thermodynamics

Amount and rate of heat transfer using iron spheres and liquid nitrogen

When iron spheres at room temperature are added to liquid nitrogen, the nitrogen boils as heat is transferred in from the iron. The amount of liquid nitrogen boiled depends on the amount of heat transferred, which depends on the mass of the iron added. However, the rate at which liquid nitrogen boils depends on the surface area of the iron in contact with the liquid nitrogen. These phenomena can be studied with experiments which measure the mass lost by the boiling liquid nitrogen.

Chemical Activities Involving Reversible Thermochromic Pigments

The color of a thermochromic system depends on its temperature. The colors of leuco dye-based systems can also be influenced by adding acids or bases to the thermochromic reactions. These can be used to create colorful demonstrations of acid-base chemistry. Thermochromism found in color changing cups can also be used to visualize heat flow, and therefore thermodynamic principles, associated with stretching and contracting elastomers.

Seashell Chemistry

Placing dry ice in limewater is a great demonstration to accompany discussions on a variety of chemical topics, including the impact of ocean acidification on marine organisms that depend upon the formation of CaCO3.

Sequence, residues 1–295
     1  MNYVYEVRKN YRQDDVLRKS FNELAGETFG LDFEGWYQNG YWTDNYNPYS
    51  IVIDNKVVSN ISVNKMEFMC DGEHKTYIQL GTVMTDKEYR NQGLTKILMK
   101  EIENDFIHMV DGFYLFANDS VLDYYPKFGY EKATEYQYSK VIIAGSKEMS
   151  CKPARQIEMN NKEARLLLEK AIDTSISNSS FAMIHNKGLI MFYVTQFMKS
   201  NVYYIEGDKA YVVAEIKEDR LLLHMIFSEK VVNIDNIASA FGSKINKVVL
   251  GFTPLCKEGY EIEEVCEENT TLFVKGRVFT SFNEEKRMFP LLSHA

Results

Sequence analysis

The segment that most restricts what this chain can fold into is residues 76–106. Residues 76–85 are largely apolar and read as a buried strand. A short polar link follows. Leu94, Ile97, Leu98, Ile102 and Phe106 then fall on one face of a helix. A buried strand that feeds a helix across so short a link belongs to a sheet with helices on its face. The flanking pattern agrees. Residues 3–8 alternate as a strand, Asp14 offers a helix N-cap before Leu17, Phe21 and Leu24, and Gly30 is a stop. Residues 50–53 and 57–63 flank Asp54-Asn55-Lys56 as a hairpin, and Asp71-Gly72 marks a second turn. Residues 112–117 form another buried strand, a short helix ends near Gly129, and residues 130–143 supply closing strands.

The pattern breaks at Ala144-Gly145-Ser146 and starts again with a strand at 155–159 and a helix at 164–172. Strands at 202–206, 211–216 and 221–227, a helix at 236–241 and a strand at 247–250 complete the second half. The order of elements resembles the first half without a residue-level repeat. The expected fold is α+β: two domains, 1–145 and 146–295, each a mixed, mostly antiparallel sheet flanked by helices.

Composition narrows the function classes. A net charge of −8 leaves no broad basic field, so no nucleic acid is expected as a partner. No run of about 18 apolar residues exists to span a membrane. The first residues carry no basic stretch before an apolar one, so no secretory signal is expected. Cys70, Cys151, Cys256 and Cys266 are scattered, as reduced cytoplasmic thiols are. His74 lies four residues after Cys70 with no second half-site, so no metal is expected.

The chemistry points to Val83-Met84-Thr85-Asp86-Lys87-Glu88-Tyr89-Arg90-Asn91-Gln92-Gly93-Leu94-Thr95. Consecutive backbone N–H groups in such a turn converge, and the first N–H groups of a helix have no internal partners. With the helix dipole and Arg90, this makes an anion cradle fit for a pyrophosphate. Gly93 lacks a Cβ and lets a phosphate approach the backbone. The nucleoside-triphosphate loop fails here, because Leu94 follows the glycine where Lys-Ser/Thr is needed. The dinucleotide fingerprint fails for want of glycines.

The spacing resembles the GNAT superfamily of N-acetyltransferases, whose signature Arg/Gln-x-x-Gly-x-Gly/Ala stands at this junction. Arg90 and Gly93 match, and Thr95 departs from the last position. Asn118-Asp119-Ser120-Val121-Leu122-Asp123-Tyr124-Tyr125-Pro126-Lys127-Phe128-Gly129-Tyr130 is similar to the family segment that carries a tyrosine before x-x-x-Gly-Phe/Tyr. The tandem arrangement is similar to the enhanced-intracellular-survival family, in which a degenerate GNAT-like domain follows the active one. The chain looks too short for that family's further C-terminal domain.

Upgrading a Classic Science Demonstration

In a classic demonstration of energy conservation, smashing two large steel ball bearings generates sufficient heat to burn a hole through a piece of paper. Josh Kenney found this demonstration underwhelming because the paper doesn't look burned. So, he upgraded the experiment by covering the paper in Elmer's Color Changing Glue. Now, a spectacular color change reveals the increase in heat!

Gibbs Free Energy Analogy

A common topic in chemistry discussion groups and forums is about the use of the terms “spontaneous reaction” versus “thermodynamic favorability”. This is a new activity for chemistry students who struggle with the correlation between changes in enthalpy, temperature, entropy, and the Gibbs free energy of a system; which relies on an analogy that most students will be familiar with.